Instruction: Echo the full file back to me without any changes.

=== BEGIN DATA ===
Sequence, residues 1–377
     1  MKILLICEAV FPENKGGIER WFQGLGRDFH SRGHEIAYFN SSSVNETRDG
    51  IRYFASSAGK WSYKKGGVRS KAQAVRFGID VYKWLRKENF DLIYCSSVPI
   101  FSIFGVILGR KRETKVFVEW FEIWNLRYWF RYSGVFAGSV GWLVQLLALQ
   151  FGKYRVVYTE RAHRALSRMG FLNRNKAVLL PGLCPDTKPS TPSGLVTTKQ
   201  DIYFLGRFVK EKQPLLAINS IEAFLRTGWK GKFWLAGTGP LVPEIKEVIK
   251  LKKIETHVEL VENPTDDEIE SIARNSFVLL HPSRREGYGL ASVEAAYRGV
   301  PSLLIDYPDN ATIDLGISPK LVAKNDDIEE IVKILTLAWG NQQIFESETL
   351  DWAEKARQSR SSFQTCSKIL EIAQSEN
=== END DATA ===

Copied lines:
Sequence, residues 1–377
     1  MKILLICEAV FPENKGGIER WFQGLGRDFH SRGHEIAYFN SSSVNETRDG
    51  IRYFASSAGK WSYKKGGVRS KAQAVRFGID VYKWLRKENF DLIYCSSVPI
   101  FSIFGVILGR KRETKVFVEW FEIWNLRYWF RYSGVFAGSV GWLVQLLALQ
   151  FGKYRVVYTE RAHRALSRMG FLNRNKAVLL PGLCPDTKPS TPSGLVTTKQ
   201  DIYFLGRFVK EKQPLLAINS IEAFLRTGWK GKFWLAGTGP LVPEIKEVIK
   251  LKKIETHVEL VENPTDDEIE SIARNSFVLL HPSRREGYGL ASVEAAYRGV
   301  PSLLIDYPDN ATIDLGISPK LVAKNDDIEE IVKILTLAWG NQQIFESETL
   351  DWAEKARQSR SSFQTCSKIL EIAQSEN